That's all I know about it.
BandB is online now   Reply With Quote
Old 02-08-2016, 11:03 PM   #47
Veteran Member
 
Paul Swanson's Avatar
 
City: Ventura CA
Country: USA
Vessel Name: Proud Mary
Vessel Model: Pacific Trawler
Join Date: Apr 2015
Posts: 77
You get an A+! It's also called a taffrail log since that is where is was thrown overboard.

Paul
Paul Swanson is offline   Reply With Quote
Old 02-08-2016, 11:17 PM   #48
Guru
 
koliver's Avatar
 
City: Saltspring Island
Country: BC, canada
Vessel Name: Retreat
Vessel Model: C&L 44
Join Date: Nov 2007
Posts: 2,165
Until the mid-19th century, vessel speed at sea was measured using a chip log. This consisted of a wooden panel, attached by line to a reel, and weighted on one edge to float perpendicularly to the water surface and thus present substantial resistance to the water moving around it. The chip log was "cast" over the stern of the moving vessel and the line allowed to pay out.[6] Knots placed at a distance of 8 fathoms - 47 feet 3 inches (14.4018 m) from each other, passed through a sailor's fingers, while another sailor used a 30-second sand-glass (28-second sand-glass is the currently accepted timing) to time the operation.[7] The knot count would be reported and used in the sailing master's dead reckoning

So says Wiki.
koliver is online now   Reply With Quote
Old 02-08-2016, 11:25 PM   #49
Veteran Member
 
JNandJN's Avatar
 
City: Green Cove Springs, FL
Country: United States
Vessel Name: Sea Gypsy II
Vessel Model: 2007 Great Harbour N37
Join Date: Jan 2014
Posts: 45
Quote:
Originally Posted by Tom.B View Post
I use MPH and Statute Miles 100% of the time because Knots and Nautical Miles don't relate the distance to time. If I need to go 60 miles and I go 20 MPH the entire way (-ish), I can very easily figure out the time it will take to make the journey. It just takes a step out of the process of estimating time over distance.
Knots and nautical miles work the same way as MPH and statute miles. It takes 1 hour to travel 1 nautical mile at 1 knot.
__________________
John and Jen
Sea Gypsy
JNandJN is offline   Reply With Quote
Old 02-08-2016, 11:48 PM   #50
Senior Member
 
City: Owings, Md
Country: US
Join Date: Jan 2016
Posts: 224
Quote:
Originally Posted by Paul Swanson View Post
Baker is correct that a nautical mile is one minute of longitude at the equator. That is the definition of a NM. However, one minute of latitude is not exactly one NM since the diameter of the Earth is slightly smaller through the poles as compared to the equator.

Paul
360 degrees x 60nm/degree = 21,600nm (24 856.836 077 mile [statute]) is closer to the polar circumference (24,860) than the equatorial circumference (24,902) so even at the equator, using latitude is more accurate.
Gdavid is offline   Reply With Quote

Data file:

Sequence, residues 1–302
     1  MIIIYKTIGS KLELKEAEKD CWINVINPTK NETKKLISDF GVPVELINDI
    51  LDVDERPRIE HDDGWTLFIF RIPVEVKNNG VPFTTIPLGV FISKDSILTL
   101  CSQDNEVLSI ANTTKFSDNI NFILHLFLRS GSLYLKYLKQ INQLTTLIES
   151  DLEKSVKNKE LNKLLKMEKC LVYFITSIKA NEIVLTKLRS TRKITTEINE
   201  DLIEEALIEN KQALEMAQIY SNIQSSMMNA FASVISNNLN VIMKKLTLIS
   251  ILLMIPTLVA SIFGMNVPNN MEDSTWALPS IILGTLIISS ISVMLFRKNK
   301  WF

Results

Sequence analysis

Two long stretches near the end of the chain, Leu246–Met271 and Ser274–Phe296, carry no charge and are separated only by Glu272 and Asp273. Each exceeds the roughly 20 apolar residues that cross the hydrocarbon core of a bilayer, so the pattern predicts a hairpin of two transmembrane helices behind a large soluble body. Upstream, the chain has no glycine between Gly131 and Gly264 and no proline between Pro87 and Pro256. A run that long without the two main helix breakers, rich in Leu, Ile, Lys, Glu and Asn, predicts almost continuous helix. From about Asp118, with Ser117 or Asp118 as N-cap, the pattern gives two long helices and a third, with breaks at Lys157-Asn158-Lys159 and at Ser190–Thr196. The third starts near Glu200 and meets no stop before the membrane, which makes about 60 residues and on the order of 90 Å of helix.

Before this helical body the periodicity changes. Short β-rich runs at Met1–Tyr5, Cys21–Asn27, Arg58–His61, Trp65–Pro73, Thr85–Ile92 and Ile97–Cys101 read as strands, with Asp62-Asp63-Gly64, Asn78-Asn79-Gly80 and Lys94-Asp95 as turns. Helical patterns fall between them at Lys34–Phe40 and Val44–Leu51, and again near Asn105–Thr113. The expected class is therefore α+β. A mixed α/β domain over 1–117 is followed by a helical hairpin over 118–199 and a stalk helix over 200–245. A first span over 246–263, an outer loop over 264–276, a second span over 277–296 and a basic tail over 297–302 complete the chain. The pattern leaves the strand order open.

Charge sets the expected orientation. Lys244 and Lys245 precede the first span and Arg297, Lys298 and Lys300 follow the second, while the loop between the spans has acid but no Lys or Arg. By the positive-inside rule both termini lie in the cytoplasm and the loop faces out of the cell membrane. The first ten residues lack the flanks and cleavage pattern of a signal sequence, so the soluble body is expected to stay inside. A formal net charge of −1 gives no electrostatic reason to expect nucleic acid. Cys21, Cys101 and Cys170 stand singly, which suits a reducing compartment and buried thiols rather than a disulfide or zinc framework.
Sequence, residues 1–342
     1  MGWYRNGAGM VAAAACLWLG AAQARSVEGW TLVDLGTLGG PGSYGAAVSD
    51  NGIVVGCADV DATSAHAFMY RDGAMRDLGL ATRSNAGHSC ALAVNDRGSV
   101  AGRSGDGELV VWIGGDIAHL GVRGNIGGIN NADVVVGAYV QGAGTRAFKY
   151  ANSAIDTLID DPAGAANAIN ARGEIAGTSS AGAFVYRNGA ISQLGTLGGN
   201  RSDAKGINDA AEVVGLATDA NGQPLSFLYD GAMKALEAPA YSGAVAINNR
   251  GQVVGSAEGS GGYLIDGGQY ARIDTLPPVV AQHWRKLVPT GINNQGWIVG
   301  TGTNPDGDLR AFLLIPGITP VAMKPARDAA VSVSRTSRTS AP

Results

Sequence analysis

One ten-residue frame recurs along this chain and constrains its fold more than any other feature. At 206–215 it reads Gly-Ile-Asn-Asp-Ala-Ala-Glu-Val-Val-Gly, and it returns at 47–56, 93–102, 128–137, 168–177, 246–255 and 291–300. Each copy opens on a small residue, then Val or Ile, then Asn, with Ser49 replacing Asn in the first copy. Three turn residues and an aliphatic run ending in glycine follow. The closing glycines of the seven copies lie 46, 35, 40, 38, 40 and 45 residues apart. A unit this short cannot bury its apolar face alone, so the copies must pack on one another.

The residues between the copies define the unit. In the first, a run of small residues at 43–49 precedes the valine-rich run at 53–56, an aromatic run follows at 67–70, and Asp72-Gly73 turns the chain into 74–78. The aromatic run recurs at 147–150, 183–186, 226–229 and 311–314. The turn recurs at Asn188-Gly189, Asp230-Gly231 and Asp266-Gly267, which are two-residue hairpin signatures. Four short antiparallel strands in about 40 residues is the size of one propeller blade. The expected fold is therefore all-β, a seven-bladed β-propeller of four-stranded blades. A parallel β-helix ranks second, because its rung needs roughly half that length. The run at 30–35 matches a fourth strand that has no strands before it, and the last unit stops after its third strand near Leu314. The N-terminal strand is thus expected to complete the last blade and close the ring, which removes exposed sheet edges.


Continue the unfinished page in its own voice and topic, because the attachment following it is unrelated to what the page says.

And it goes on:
Old 02-09-2016, 12:09 AM   #51
Senior Member
 
Nsail's Avatar
 
City: Benicia CA
Country: USA
Join Date: Mar 2012
Posts: 498
Quote:
Originally Posted by kthoennes View Post
Well of course I'd agree with you there, in some scenarios different units do indeed matter, like that one. But if we get a weather report about wind gusts to 40 mph or 40 knots, either way I'm going to stay tied to the dock.
For others that don't understand, koliver is not referring to knots per hour vs miles per hour. He's referring to kilometers per hour vs knots per hour and miles per hour. Big difference.

If you're in Canadian waters and listening to certain weather broadcasts, it's imperative to know the conversion factor.
Nsail is offline   Reply With Quote
Old 02-09-2016, 02:16 AM   #52
Member
 
City: British Columbia
Country: Canada
Join Date: Feb 2016
Posts: 10
And hence the term, log book or captains log
Bigfoot4 is offline   Reply With Quote
Old 02-09-2016, 06:13 AM   #53
Senior Member
 
Jetstream's Avatar
 
City: Tasmania
Country: Australia
Vessel Model: Old Town Loon
Join Date: Jul 2015
Posts: 175
Quote:
Originally Posted by ulysses View Post
So I don't guess anyone is using cables. 1 nm = 10 cables
Yes I do. Ive always used cable as a description of distance at sea. Its a handy distance. Traditionally it about 100 fathoms or 200 yards but if you want to get more precise its 608 ft for the imperial measurement or 720 ft in the US navy. You'd have to wonder why we could never standardize such a measurement.
Jetstream is offline   Reply With Quote
Old 02-09-2016, 06:57 AM   #54
Guru
 
City: Sydney
Country: Australia
Join Date: Jul 2015
Posts: 1,348
Thank god for KPH
gaston is online now   Reply With Quote
Old 02-09-2016, 07:11 AM   #55
Guru
 
City: Satsuma FL
Country: United States
Vessel Name: No Mo Trawla
Vessel Model: Hurricane SS188
Join Date: Jul 2014
Posts: 1,672
Quote:
Originally Posted by gaston View Post
Thank god for KPH
As in Kilometers Per Hour!
Donsan is offline   Reply With Quote
Old 02-09-2016, 07:15 AM   #56
FF
Guru
 
FF's Avatar
 
Join Date: Oct 2007
Posts: 16,515
Offshore where Lat & Lon are used K makes the most sense.

Inshore where lubber miles are the norm MPH works best.

Selling the boat MPH gives the best numbers for speed and MPG,

although counting in Klicks would give even better numbers !
FF is offline   Reply With Quote
Old 02-09-2016, 07:20 AM   #57
Guru
 
psneeld's Avatar
 
City: Avalon, NJ
Country: USA
Vessel Name: Freedom
Vessel Model: Albin 40
Join Date: Oct 2011
Posts: 15,861
Quote:
Originally Posted by Gdavid View Post